On our epic 3000-mile drive from Las Vegas to Maine for a family wedding, my nephew Harry and I stopped for a night and half a day at the Gettysburg battlefield in Pennsylvania, where I fulfilled a longstanding ambition (dating from when I was 10) to walk the route of Pickett’s Charge. Above, I pose at the North Carolina monument, where Lee’s Tar Heel troops assembled for the start of the charge. Below, Harry poses in front of the monument.
It’s about a mile from Seminary Ridge, the location of the Confederate line, to Cemetery Ridge, the location of the Union line. The distant tree to the left of Harry in the picture below is located at what became know as The Angle, a crook in the fence that ran along the front of the Union position.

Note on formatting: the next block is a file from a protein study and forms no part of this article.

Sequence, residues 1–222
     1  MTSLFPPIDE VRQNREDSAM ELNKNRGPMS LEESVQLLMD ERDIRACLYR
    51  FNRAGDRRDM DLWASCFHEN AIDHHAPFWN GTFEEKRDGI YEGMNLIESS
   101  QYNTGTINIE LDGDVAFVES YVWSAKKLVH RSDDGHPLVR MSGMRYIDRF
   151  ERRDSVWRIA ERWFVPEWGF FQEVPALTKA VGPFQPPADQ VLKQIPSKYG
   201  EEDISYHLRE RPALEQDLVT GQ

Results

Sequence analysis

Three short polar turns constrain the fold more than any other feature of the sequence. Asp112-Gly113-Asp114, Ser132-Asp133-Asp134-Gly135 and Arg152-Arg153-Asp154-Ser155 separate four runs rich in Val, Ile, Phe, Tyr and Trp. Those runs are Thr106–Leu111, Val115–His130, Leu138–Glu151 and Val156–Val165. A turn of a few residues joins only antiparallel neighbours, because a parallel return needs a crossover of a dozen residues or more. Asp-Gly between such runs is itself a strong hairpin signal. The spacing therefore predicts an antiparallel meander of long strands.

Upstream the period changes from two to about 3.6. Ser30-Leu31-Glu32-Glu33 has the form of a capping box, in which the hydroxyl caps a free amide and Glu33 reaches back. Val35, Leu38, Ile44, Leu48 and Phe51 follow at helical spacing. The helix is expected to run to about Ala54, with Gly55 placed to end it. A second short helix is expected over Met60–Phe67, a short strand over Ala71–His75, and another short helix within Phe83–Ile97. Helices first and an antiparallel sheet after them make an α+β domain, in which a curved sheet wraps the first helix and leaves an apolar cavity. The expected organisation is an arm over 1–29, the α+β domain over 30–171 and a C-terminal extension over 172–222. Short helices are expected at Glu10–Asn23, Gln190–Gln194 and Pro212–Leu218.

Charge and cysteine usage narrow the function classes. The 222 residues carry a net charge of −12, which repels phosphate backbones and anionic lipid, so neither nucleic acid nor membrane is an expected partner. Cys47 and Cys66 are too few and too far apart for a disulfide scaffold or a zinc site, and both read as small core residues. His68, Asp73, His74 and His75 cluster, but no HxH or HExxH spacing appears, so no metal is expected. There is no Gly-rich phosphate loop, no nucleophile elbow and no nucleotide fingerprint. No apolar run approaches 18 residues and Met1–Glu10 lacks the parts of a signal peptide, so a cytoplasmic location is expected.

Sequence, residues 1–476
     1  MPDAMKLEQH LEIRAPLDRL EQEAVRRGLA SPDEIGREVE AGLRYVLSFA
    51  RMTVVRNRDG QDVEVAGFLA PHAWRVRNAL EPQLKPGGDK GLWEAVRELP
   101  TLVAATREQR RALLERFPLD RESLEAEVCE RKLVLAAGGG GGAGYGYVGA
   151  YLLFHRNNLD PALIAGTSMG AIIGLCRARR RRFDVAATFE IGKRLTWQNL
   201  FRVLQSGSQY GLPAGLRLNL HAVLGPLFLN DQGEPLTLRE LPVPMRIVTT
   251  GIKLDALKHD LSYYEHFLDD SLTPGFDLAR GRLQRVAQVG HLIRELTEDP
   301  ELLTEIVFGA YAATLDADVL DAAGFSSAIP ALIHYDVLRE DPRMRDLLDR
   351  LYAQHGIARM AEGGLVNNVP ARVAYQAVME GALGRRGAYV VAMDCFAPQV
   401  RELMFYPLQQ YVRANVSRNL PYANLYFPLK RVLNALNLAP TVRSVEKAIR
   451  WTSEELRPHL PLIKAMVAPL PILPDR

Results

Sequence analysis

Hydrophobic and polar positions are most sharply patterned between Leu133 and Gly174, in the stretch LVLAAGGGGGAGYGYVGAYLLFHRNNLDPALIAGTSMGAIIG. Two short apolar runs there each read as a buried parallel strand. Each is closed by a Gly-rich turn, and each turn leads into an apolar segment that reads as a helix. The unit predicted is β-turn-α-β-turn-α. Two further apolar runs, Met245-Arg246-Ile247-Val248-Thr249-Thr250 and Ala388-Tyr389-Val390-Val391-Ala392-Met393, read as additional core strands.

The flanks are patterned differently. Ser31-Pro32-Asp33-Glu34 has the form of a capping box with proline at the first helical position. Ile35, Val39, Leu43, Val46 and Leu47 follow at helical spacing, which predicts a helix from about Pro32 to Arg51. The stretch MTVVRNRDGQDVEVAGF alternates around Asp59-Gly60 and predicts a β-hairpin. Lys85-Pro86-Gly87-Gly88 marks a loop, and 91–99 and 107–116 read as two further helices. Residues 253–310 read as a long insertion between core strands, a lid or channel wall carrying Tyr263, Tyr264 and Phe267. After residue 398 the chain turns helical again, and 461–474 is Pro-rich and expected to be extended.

This was where the Confederate troops were meant to converge, but very few of them made it that far, and only a handful of Virginians broke through the line of Union riflemen behind the fence to the line of cannon beyond, where they were slaughtered. Below, I take a cigarette break under that tree at the site of The Angle.
The route of the charge looked long from Seminary Ridge, but we traversed in hardly any time at all. On the afternoon of 3 July 1863, it must have seemed like the longest mile any men had ever been asked to walk.
Click on the images to enlarge.